Although the diagnosis of NCLV is mainly based on echocardiography, there is still no consensus to date on the definition of non-compaction.25 Kohli et al 25 suggest that current echocardiographic diagnostic criteria are too sensitive and will result in many false positives of NCLV in patients with left ventricular systolic dysfunction. This seems particularly true in black subjects.25 A high proportion of athletes fulfil the conventional criteria of NCLV without other phenotypic manifestations of the disease.26 The presence of left ventricular hypertrabeculation or even echocardiographic criteria of NCLV in isolation is probably not significant in the athlete.26 Left ventricular trabecular debris occurs in nearly 25% of pregnant women with complete regression after pregnancy in 69.2% of cases.27
MRI has become the method of choice for confirming or invalidating the diagnosis of NCLV. It remains a difficult procedure to access in our daily practice. It was only performed in one patient and did confirm the diagnosis.
The treatment of NCLV is identical to that of all cardiomyopathies, and depends on the clinical presentation of the patient. It is based on the management of complications such as heart failure, rhythm disorders and anticoagulation to prevent systemic embolisms.28 The prevention of thromboembolic complications has been the subject of debate. The thromboembolic risk of NCLV is well known and is frequently reported in adults.29 30 Thus, treatment with antiplatelet or oral anticoagulants should be considered, especially if there is atrial or ventricular dilatation or left ventricular systolic dysfunction.29 30 Ventricular and supraventricular arrhythmias as well as bradyarrhythmias, most of which may be fatal, occur frequently in the case of NCLV.29
Device implantation (implantable cardioverter-defibrillator, resynchronization) and surgery (heart transplant) remain techniques that are not developed in our context or are too expensive to benefit our patients.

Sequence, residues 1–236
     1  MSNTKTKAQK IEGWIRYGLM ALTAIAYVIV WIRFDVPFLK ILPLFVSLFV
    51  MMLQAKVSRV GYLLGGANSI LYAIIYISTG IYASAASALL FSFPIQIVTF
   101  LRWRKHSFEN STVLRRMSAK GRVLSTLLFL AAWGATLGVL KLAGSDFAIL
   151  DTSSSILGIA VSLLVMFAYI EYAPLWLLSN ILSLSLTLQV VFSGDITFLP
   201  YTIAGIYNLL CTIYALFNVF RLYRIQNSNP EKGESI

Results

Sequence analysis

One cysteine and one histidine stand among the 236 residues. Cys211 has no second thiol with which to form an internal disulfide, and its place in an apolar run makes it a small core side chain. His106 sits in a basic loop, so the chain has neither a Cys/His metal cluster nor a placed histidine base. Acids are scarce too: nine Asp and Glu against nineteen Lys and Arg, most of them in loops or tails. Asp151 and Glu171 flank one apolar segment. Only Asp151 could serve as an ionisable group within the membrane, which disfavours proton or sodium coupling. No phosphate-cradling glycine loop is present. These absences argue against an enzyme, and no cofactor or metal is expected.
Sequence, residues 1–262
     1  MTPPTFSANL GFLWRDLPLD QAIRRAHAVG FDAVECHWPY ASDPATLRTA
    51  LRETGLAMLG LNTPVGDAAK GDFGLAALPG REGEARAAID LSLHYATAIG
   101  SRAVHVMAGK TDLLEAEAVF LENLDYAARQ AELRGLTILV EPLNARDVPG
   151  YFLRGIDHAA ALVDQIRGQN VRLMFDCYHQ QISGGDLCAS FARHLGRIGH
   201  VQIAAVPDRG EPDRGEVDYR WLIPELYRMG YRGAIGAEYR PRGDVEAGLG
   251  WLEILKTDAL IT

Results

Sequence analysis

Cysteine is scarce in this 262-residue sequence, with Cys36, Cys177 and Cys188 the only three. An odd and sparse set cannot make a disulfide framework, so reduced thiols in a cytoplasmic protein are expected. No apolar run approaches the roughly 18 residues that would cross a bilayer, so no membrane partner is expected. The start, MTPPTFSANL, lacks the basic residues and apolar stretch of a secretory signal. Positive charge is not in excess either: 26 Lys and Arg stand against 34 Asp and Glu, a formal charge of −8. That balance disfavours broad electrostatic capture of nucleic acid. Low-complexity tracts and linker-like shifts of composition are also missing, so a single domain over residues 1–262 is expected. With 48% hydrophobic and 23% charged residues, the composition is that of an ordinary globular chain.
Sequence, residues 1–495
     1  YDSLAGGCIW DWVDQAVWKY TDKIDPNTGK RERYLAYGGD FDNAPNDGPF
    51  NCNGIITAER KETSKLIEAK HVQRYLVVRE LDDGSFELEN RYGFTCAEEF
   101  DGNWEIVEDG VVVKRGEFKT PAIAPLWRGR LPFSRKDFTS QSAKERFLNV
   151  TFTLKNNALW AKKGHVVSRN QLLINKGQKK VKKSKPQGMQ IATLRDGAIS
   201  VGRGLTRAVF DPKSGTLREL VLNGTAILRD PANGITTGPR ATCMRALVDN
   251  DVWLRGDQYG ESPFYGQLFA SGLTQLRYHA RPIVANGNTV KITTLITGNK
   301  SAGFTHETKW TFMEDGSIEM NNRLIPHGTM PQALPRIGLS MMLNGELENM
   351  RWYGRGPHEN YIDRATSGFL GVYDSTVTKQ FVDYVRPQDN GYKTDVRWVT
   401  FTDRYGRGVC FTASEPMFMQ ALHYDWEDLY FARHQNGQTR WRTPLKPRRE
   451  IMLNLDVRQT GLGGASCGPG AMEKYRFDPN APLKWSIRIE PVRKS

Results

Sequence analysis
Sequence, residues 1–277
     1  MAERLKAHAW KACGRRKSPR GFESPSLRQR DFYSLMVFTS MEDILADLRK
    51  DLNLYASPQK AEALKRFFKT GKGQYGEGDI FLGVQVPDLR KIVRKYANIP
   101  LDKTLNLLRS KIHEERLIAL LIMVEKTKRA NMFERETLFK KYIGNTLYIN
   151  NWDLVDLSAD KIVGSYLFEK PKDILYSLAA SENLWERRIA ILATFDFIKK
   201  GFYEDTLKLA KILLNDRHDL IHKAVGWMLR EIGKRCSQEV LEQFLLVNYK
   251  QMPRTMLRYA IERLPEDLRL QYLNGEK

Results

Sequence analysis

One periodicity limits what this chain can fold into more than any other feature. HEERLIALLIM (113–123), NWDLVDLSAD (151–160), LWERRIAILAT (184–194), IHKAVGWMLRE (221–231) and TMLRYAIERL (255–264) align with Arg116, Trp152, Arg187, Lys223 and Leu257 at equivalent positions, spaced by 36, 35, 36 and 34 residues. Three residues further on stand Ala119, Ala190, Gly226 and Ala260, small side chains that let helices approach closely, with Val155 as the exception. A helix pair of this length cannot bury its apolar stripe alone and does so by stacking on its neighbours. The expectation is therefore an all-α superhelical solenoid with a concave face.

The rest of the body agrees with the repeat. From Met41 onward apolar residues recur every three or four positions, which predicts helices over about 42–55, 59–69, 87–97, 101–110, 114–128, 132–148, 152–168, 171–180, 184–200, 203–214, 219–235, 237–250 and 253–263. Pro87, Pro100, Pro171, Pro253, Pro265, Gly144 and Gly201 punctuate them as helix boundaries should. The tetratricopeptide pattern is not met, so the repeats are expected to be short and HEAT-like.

The mortality rate reported in the first series of cases was very high, but this rate appears to be decreasing in more recent series because of early diagnosis while the patient is asymptomatic. Ritter et al and Oechslin et al reported mortality rates of 35–47% during follow-up periods of 2.5 and 3.7 years, respectively.17 28 More recent publications indicating similar follow-up periods report a mortality rate ranging from 2–15%.31 We had seven deaths (20.6%). With an equal duration of follow-up, this result remains similar to the first series, which showed a high mortality rate. This could be explained by late diagnosis in our patients, especially those with NYHA functional class IV heart failure and high rate of decompensated heart failure.
Our series is the largest so far of NCLV in West Africa. Contrary to previous beliefs, NCLV may not be less common in black Africans than in other ethnic subgroups. Most of our patients presented in advanced stages of the disease. Clinicians in Africa should be made aware of NCLV so that it can be diagnosed at earlier stages.
What is already known on this subject?
Non compaction of left ventricle (NCLV) is a rare congenital cardiomyopathy of recent description.
What does this study add?
NCLV may not be less common in black Africans.
How might this impact on clinical practice?
African clinicians should be aware of NCLV to avoid delayed diagnosis.
Competing interests None declared.
Patient consent This was a retrospective study and the patients were not traceable at the time of the submission.
Ethics approval UCAD ethical committee for research.
Provenance and peer review Not commissioned; externally peer reviewed.